Equal Pay

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It's time women were paid 100%. After some good wins we need to keep momentum up and ensure all working women are paid what they are worth.

Who's supporting you this election?

Ahead of September’s election we asked all political parties running a nationwide campaign in the 2017 election for their position on a suite of policies including equal pay. Below are their answers.

Who's supporting you?election asks shareables13

 Check out all the election priorities and the full details of the 'in principle' answers here.

The gender pay gap is the difference between the average hourly rate for women and for men. It’s closing at a snail’s pace, and we’ve still got a long way to go.

Women graduates are paid, on average, 6 per cent less than their male counterparts at the very start of their careers. Within four years, they are earning nearly $5,000 a year less and the gap continues to widen.

In the public sector, women are paid 14 per cent less than men but it’s an average that conceals massive pay gaps, up to a staggering 42 per cent at the Ministry of Defence.

The gender pay gap represents a huge loss of earnings over a working life that can severely limit a woman’s choices and those of her children. It can mean the difference between a comfortable retirement and scrimping on food and heating costs.

Support work is paid around one-third less than work with similar levels of skills and qualifications but largely done by men.

Work done mainly by women is generally undervalued; skills and experience are largely ignored.

In the past, men were the bread-winners and women the carers and home-makers. When women entered the paid workforce, they were paid less than men by law. Historical assumptions still influence the pay difference between men and women.

Community-based support services for the elderly, disabled, and mentally ill are funded mainly by the government but provided by a minimum-wage workforce, mainly women. The low rates of pay don’t reflect the value of this essential work nor the range of skills required.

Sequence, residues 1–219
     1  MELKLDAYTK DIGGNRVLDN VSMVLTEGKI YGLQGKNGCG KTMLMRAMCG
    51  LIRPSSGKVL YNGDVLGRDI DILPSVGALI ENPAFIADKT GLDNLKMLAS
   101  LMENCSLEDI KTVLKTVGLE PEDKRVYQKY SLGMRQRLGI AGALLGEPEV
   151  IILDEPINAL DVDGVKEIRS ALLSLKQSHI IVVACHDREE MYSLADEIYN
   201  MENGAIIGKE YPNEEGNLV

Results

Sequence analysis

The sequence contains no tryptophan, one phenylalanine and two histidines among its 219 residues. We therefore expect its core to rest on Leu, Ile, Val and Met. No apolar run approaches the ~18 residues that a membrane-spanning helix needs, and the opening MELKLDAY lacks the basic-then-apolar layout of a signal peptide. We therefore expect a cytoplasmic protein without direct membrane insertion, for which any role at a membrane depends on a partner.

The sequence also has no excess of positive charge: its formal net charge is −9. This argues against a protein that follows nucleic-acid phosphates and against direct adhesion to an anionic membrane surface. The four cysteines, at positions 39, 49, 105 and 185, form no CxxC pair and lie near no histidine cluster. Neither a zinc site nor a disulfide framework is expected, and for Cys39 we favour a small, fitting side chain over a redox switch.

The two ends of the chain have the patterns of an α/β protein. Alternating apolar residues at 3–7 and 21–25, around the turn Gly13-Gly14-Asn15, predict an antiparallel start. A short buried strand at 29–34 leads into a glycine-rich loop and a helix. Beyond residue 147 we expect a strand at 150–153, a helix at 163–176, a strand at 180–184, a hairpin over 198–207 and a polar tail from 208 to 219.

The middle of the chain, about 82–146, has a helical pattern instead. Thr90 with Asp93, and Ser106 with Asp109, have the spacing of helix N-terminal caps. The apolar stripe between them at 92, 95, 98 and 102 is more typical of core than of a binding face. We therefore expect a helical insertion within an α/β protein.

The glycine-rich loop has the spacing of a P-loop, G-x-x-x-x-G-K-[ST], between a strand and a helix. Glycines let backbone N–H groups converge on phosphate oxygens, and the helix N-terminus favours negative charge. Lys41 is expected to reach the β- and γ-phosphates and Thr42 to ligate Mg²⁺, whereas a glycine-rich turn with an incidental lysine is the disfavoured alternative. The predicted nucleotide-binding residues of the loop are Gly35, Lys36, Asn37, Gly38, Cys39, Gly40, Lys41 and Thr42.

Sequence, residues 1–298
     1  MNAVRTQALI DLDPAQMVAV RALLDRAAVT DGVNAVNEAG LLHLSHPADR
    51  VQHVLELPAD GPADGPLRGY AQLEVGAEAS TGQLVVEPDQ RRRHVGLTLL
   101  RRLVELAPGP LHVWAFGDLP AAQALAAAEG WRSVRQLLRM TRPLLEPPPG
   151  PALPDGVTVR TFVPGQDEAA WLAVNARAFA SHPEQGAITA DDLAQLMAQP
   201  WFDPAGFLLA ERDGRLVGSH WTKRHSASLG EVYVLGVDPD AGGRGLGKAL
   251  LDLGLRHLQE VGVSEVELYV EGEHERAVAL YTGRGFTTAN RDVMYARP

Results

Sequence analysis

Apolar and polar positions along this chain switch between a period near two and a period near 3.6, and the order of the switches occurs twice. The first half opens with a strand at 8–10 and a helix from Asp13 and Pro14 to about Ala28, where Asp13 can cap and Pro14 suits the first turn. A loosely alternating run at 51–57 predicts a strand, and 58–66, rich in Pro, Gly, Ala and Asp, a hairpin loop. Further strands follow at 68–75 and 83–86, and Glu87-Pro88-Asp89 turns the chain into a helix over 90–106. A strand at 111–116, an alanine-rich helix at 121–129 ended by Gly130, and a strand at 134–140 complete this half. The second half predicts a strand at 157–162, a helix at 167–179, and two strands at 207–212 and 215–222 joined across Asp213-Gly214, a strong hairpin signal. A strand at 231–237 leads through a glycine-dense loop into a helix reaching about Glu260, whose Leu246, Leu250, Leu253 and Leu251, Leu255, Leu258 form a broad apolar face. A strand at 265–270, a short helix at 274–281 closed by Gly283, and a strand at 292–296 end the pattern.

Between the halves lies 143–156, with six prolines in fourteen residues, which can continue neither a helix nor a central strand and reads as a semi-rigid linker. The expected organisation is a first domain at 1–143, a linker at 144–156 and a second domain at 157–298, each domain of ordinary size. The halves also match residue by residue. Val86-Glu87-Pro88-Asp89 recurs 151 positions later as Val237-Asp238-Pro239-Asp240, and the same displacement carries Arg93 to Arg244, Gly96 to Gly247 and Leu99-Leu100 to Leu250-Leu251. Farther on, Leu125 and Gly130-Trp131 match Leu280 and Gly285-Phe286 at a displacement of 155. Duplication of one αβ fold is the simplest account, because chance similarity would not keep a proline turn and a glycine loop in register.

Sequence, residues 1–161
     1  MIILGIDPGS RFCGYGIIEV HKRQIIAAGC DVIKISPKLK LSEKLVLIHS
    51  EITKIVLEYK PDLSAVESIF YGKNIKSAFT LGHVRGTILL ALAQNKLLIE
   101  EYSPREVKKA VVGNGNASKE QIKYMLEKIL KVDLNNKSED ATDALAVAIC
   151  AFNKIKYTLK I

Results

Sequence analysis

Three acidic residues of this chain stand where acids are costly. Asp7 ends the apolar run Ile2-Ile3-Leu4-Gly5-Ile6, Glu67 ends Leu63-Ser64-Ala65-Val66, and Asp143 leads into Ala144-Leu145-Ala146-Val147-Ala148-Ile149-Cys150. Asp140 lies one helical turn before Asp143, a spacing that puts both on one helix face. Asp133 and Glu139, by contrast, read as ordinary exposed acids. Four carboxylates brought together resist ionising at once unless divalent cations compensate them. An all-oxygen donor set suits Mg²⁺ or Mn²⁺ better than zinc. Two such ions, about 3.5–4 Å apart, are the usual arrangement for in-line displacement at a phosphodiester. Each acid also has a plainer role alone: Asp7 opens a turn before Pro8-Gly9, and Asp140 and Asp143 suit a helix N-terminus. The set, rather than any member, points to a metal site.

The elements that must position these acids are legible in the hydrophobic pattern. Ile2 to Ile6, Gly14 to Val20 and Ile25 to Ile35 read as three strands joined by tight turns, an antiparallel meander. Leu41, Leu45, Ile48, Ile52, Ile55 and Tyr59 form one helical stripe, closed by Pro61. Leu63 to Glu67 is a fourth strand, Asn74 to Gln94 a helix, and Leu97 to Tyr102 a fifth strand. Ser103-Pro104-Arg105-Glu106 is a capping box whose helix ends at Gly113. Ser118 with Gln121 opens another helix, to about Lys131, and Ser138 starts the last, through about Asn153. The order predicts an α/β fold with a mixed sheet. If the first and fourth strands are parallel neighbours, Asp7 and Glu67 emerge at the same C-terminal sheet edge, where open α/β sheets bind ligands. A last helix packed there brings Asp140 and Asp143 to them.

A job evaluation commissioned by the PSA found that support work is paid around one-third less than work with similar levels of skills and qualifications but largely done by men. Last year, the Employment Court found that a support worker’s $14.32 hourly rate was the result of gender discrimination in breach of the Equal Pay Act. The ground-breaking decision is under appeal.

Administrative work is another example of undervaluing work done mainly by women. In hospitals, it’s the only occupational group not to have national rates, with the result that, in some parts of the country, admin workers are paid little more than the minimum wage.

Men who work in these sorts of jobs are also disadvantaged by these low rates of pay.

Even in occupations that are not traditionally undervalued, women can experience discrimination and lower pay.

Fewer women are appointed to the higher-earning senior positions. Women make up 60 percent of the public service workforce but only 30 percent of the top jobs.

Discretionary pay systems, which have prevailed across the public sector, have been shown to disadvantage women. Women tend to be placed on lower starting rates than men with equivalent skills, and experience slower salary progression.

 

worth 100 signature

An image you can use in your email signature to promote pay equity and encourage PSA members to become pay equity advocates.

 

Pay equity poster

Pay equity poster

 

Payequitybooklet

Pay equity booklet


News from the PSA. What do we want? Equal pay! When do we want it? Yesterday!
News

What do we want? Equal pay! When do we want it? Yesterday!

This quarter, our campaign for equal pay shifted into high gear.

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Media Releases

No excuse for preventing DHBs from giving mental health workers equal pay

A leaked letter from the Ministry of Health to DHBs warning them not to extend equal pay to mental health support workers confirms that the Government is wilfully ignoring the current crisis in mental health, which the Public Service Association considers completely inappropriate, heartless and...

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News from the PSA. The first of many equal pay cheques arrive
News

The first of many equal pay cheques arrive

Home support and aged care workers received their first equal pay cheque this month following the historic $2 billion equal pay settlement.

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News from the PSA. PSA News June 2017
News

PSA News June 2017

Welcome to your June issue of PSA News, the monthly roundup of what's going on across our union.

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How to win at equal pay

On April 18, the Government and unions announced that people working in aged care and disability support and home and community support services will receive pay rises of up to 50 per cent, and proper recognition of their qualifications reflected in their pay.

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Media Releases

Equal pay bill "a backward step" for working women

National’s equal pay bill is a huge disappointment to working women in New Zealand - and makes a mockery of its much-vaunted commitment to pay equity, the PSA says.

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